marine debris inventory; (3) a review of NOAA's Marine Debris 
Program; (4) a review of the Coast Guard programs related to 
marine debris removal; and (5) estimated Federal and non-
Federal funding provided for marine debris and recommendations 
for priority funding levels.

Section 6. Extension of authorization of appropriations

  This section would extend previous annual authorization 
levels ($10 million for activities carried out by NOAA; $2 
million for activities carried out by Coast Guard) through FY 
2016.

                        Changes in Existing Law

  In compliance with paragraph 12 of rule XXVI of the Standing 
Rules of the Senate, changes in existing law made by the bill, 
as reported, are shown as follows (existing law proposed to be 
omitted is enclosed in black brackets, new material is printed 
in italic, existing law in which no change is proposed is shown 
in roman):

         MARINE DEBRIS RESEARCH, PREVENTION, AND REDUCTION ACT

                        [33 U.S.C. 1951 et seq.]

SEC. 2. PURPOSES.

                            [33 U.S.C. 1951]

  The purposes of this Act are--
          [(1) to help identify, determine sources of, assess, 
        reduce, and prevent marine debris and its adverse 
        impacts on the marine environment and navigation 
        safety;]
          (1) to address the adverse impacts of marine debris 
        on the marine environment, navigation safety, and the 
        United States economy through research, source 
        identification, assessment, reduction, removal, and 
        prevention;
          (2) to reactivate the Interagency Marine Debris 
        Coordinating Committee; and
          (3) to develop and maintain a Federal marine debris 
        information clearinghouse.

SEC. 3. NOAA MARINE DEBRIS [PREVENTION AND REMOVAL] PROGRAM.

                            [33 U.S.C. 1952]

  (a) Establishment of Program.--There is established, within 
the National Oceanic and Atmospheric Administration, a [Marine 
Debris Prevention and Removal Program] Marine Debris Program to 
[reduce and prevent] research, assess, reduce, and prevent the 
occurrence and adverse impacts of marine debris on the marine 
environment [and navigation safety.], navigation safety, and 
the United States economy.
  (b) Program Components.--The Administrator, acting through 
the Program and subject to the availability of appropriations, 
shall carry out the following activities:
          [(1) Mapping, identification, impact assessment, 
        removal, and prevention.--The Administrator shall, in 
        consultation with relevant Federal agencies, undertake 
        marine debris mapping, identification, impact 
        assessment, prevention, and removal efforts, with a 
        focus on marine debris posing a threat to living marine 
        resources and navigation safety, including--
                  [(A) the establishment of a process, building 
                on existing information sources maintained by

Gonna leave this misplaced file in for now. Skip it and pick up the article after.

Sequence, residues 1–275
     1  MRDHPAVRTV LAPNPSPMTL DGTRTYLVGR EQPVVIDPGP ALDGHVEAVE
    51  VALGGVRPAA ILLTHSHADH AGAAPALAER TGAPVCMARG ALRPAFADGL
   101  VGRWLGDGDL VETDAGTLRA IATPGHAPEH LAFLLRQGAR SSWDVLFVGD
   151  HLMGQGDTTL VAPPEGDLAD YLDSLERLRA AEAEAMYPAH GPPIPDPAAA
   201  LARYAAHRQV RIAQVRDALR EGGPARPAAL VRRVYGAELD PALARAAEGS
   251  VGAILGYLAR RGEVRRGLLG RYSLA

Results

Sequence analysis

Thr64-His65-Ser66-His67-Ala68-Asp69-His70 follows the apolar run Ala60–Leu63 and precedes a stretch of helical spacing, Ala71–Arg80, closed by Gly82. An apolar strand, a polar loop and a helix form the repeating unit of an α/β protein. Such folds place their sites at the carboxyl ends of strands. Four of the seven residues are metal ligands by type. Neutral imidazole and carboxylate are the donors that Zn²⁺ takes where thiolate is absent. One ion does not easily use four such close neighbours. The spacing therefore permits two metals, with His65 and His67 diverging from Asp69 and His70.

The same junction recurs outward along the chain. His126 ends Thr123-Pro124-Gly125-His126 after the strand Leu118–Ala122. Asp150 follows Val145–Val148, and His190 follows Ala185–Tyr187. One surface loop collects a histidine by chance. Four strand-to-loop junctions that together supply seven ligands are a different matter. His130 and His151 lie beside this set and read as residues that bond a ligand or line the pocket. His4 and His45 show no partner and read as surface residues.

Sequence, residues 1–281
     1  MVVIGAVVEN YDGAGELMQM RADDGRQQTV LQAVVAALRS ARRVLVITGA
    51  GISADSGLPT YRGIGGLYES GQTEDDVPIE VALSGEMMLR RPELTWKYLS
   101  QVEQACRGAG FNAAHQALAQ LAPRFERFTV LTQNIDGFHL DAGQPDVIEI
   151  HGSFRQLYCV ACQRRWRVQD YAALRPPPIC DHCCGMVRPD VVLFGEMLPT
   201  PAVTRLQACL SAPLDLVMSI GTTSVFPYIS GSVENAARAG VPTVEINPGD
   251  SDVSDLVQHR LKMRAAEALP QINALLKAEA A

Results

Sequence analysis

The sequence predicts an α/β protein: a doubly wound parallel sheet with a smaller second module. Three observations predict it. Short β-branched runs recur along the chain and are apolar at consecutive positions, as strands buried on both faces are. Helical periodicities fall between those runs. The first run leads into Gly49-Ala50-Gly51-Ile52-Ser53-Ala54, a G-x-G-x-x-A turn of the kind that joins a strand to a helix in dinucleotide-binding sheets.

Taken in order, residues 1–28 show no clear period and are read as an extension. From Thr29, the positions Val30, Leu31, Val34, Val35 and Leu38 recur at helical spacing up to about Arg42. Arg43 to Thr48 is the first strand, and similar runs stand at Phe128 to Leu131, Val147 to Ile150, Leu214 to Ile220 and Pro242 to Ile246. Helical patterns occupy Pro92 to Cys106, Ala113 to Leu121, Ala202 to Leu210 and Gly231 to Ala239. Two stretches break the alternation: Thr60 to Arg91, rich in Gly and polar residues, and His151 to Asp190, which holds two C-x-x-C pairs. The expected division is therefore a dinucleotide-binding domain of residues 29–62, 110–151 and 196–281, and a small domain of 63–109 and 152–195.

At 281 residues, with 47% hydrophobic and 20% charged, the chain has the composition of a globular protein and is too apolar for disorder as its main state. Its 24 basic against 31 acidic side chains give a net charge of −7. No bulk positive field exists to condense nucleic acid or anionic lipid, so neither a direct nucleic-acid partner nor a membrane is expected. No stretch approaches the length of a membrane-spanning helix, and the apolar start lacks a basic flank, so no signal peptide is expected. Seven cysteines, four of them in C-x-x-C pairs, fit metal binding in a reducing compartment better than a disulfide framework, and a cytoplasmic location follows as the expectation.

Federal agencies such as the Environmental 
                Protection Agency and the Coast Guard, for 
                cataloguing and maintaining an inventory of 
                marine debris and its impacts found in the 
                navigable waters of the United States and the 
                United States exclusive economic zone, 
                including location, material, size, age, and 
                origin, and impacts on habitat, living marine 
                resources, human health, and navigation safety;
                  [(B) measures to identify the origin, 
                location, and projected movement of marine 
                debris within United States navigable waters, 
                the United States exclusive economic zone, and 
                the high seas, including the use of 
                oceanographic, atmospheric, satellite, and 
                remote sensing data; and
                  [(C) development and implementation of 
                strategies, methods, priorities, and a plan for 
                preventing and removing marine debris from 
                United States navigable waters and within the 
                United States exclusive economic zone, 
                including development of local or regional 
                protocols for removal of derelict fishing gear 
                and other marine debris.
          [(2) Reducing and preventing loss of gear.--The 
        Administrator shall improve efforts to reduce adverse 
        impacts of lost and discarded fishing gear on living 
        marine resources and navigation safety, including--
                  [(A) research and development of alternatives 
                to gear posing threats to the marine 
                environment, and methods for marking gear used 
                in specific fisheries to enhance the tracking, 
                recovery, and identification of lost and 
                discarded gear; and